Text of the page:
by Mark McGowan
New NCAA President Mark A. Emmert’s distinguished career in higher education began in the NIU Department of Political Science.
It also involves fly-fishing in Alaska with NIU President John Peters, an old friend.
“I’ve known Mark a long time, since we were provosts together in the Association of Public and Land-grant Universities, and we have kept up our professional relationship since then,” Peters said. “After he was selected, I joked with him about whether he would consider making fly-fishing a varsity sport.”
Named to the NCAA’s top job last Tuesday, Emmert begins his five-year contract Nov. 1. He succeeds the late Myles Brand, the first former university president to hold that job.
Emmert’s road to national acclaim truly began at NIU, where he worked as assistant professor of political science from 1983 to 1985.
The position in DeKalb was his first after earning his doctorate in public administration from the Maxwell School of Syracuse University. After seven years of teaching at the University of Colorado, he joined the administration ranks at Montana State University, where he was provost, and later at the University of Connecticut, where he became chancellor.
It was during those Connecticut years that Emmert and Peters met and became friends, sharing not only the same career trajectory but the same academic discipline. When Peters came to DeKalb in 2000, Emmert called to add another layer of connection with a reminder of where he had started.
Emmert had left Connecticut by then; he was named chancellor of Louisiana State University in 1999. He became Washington’s 30th president in June 2004.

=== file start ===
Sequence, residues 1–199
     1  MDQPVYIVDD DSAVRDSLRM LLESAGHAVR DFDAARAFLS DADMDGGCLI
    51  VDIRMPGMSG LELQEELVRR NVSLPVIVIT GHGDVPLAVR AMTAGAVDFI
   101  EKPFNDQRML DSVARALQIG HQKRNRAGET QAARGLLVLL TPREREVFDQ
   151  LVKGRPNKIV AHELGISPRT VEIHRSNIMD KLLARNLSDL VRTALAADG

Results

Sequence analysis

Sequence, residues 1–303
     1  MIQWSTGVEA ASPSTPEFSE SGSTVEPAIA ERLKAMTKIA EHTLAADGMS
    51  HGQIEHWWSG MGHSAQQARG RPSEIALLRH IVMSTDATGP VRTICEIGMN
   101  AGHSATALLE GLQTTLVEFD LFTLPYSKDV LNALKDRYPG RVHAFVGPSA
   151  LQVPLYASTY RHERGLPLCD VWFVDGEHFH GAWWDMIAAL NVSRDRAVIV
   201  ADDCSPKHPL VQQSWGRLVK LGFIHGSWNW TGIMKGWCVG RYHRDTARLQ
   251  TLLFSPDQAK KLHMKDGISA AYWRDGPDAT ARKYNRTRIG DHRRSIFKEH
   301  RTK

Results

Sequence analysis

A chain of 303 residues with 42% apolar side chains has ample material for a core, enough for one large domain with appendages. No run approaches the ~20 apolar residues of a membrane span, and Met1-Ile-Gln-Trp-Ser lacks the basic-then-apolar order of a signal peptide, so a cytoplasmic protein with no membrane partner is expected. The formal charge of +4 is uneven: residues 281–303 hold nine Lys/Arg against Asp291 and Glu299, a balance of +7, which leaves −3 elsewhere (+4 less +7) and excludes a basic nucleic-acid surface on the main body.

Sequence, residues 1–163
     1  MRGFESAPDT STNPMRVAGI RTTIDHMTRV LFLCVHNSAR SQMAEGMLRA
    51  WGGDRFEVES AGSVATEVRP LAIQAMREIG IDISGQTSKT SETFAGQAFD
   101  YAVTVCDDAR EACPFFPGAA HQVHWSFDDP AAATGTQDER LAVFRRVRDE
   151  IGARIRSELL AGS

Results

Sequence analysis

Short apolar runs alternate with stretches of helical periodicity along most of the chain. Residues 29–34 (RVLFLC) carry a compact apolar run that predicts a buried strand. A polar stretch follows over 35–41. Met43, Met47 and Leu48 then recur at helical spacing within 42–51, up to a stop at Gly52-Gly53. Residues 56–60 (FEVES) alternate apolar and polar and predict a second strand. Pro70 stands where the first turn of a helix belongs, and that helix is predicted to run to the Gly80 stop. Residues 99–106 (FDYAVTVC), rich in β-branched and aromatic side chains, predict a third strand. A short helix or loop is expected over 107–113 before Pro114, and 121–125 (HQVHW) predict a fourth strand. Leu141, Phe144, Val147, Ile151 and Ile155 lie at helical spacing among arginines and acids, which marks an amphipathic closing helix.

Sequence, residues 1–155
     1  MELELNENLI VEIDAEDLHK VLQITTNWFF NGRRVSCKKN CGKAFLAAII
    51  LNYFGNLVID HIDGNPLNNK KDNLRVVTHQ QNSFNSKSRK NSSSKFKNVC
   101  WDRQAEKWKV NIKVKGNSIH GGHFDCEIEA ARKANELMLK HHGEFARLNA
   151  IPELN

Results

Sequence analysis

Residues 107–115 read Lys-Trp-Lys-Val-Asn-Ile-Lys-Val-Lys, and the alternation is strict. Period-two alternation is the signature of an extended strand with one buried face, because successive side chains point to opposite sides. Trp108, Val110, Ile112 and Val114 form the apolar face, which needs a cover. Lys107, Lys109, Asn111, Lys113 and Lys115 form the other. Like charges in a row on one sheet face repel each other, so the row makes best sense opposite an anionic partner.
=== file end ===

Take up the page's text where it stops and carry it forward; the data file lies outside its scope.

“He was lured away by his alma mater,” Peters said of Emmert, who earned his bachelor’s degree in political science at the University of Washington in 1975, “during a time of very difficult circumstances in terms of budget. The State of Washington’s budget problems hit earlier than most, and Mark has raised billions of dollars.”
According to the Associated Press, the University of Washington completed its most successful fundraising campaign ever during Emmert’s tenure, raising more than $2.68 billion.
He also is a passionate fan of athletics, telling the AP last month that “Washington’s performance in the NCAA basketball tournament was one of the highlights of his year.” He also takes pride that most of the university’s athletes outperform the rest of the student body academically.
“Mark is well-known and respected in the academic and athletic communities. He is very student-oriented, and he will continue the NCAA in the spirit of Myles Brand by focusing on academic reform and student-athlete welfare” Peters said.
“As a member of the NCAA Executive Committee that interviewed Mark, I was most impressed with his single-minded focus on the welfare of student athletes, that being their academic success, their student wellness issues and trying to ensure that their experience is a collegiate experience and not a commercial or professional experience,” Peters added. “He is an individual of great experience and vision, and he’s a transformational leader. He’s going to be a great president of the NCAA.”
The Associated Press contributed to this report.